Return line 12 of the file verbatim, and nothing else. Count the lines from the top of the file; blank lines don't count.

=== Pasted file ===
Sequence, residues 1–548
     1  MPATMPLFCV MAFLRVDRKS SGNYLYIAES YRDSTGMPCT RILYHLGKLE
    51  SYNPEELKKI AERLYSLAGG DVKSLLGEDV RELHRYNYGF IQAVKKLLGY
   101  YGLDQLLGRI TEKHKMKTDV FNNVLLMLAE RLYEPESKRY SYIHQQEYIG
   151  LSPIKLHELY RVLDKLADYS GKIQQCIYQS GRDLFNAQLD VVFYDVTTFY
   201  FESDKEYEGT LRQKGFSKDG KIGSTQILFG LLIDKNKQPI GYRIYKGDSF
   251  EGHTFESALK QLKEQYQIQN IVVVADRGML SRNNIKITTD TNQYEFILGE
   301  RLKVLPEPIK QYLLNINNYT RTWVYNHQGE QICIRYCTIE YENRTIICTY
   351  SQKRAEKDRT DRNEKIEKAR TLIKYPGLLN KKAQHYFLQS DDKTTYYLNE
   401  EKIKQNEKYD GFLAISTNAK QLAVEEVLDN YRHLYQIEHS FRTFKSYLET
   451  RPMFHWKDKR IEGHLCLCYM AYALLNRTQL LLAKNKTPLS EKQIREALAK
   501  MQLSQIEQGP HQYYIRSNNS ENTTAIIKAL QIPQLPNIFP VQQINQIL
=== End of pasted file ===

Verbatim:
   501  MQLSQIEQGP HQYYIRSNNS ENTTAIIKAL QIPQLPNIFP VQQINQIL